For many genres of production, the ability to edit remotely can ease the implementation of fast-turnaround workflows. Such genres include news, sports and high shoot-ratio reality shows. The holy grail for many is said to be cloud editing. But what does that mean? We all know that the term “cloud” has been picked up in earnest by the marketing folks and applied to just about anything accessed via the ‘net. More formal definitions talk of services: platforms as a service (PaaS), software (SaaS) and infrastructure (IaaS). The latter, the provision of infrastructure like storage, is what many think of as the cloud. To complicate definitions, there are public and private clouds, remote and on-premise. So “cloud” editing can mean several things.
For those production genres mentioned above, the primary need is for rough cut editing and shot selection at a location remote from the broadcast facility. The application for news and sport is obvious. For general field production, the ability to start shot selection and a rough cut on-site or near-site can slash turnaround times.
One company that has been in the cloud business since the early days is Forbidden Technologies with its FORscene product. This provides editing software as a service and is typically used for cuts-only editing, but it has added features over time so that now it can be used a a fully-fledged editor with graphics overlays and voice-overs. Although the user see a streamed proxy, the remote server can render out broadcast resolution files as AVC long-GOP up to 100Mb/s. This extends the use to many sports and news applications, where formally a rough-cut EDL would have been finished on a craft edit platform.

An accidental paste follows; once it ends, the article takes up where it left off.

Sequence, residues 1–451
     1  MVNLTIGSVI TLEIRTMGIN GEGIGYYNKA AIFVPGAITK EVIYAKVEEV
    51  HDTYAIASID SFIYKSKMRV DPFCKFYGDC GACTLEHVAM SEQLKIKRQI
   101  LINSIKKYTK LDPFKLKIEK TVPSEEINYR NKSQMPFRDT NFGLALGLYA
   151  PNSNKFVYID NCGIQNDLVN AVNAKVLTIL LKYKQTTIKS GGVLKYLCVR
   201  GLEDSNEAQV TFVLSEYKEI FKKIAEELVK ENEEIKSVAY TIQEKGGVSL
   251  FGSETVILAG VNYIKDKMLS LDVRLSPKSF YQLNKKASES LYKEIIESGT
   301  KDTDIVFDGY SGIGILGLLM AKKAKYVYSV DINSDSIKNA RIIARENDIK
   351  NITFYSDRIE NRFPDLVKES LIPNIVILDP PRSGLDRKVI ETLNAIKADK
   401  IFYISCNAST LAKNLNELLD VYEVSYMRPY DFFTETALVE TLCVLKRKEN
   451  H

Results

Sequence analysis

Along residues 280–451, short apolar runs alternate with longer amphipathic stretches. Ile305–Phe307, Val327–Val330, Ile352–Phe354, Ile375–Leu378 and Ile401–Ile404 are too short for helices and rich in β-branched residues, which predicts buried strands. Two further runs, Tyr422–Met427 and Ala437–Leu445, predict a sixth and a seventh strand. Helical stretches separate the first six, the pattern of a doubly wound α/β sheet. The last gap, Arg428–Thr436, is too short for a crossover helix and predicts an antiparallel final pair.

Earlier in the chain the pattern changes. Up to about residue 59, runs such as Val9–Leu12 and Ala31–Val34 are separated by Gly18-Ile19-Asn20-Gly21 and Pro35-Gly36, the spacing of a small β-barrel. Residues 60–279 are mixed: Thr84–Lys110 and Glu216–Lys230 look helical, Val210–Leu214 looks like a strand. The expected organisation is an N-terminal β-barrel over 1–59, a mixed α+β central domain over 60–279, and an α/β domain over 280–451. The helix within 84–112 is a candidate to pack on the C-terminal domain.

Although not one of the big names in the industry, the company has done a deal with Google and was at the heart of NBC’s operation at the London Olympics. So, it can be viewed as a serious player in the editing stakes. During the event, NBC conformed around 2500 hours on the FORscene, and all the YouTube video was edited on FORscene. Forbidden’s secret sauce stems partly from its proprietary codec, and also the way it architects the cloud in a way that scales very well.
The service is well-suited to reality shows where tens of cameras create thousands of clips, all to be sorted and logged. The service has been used on productions where 100,000 clips must be logged and filtered down to a small number to export to the craft editor.
One of the big issues with remote working is the connection quality. FORscene works over the Internet, whereas other solutions typically need corporate managed networks to guarantee performance. FORscene also uses a browser rather than a fully featured client application which must be installed on the target laptop.
I will be covering the subject of remote editing in more detail in the October issue of Broadcast Engineering's world edition.
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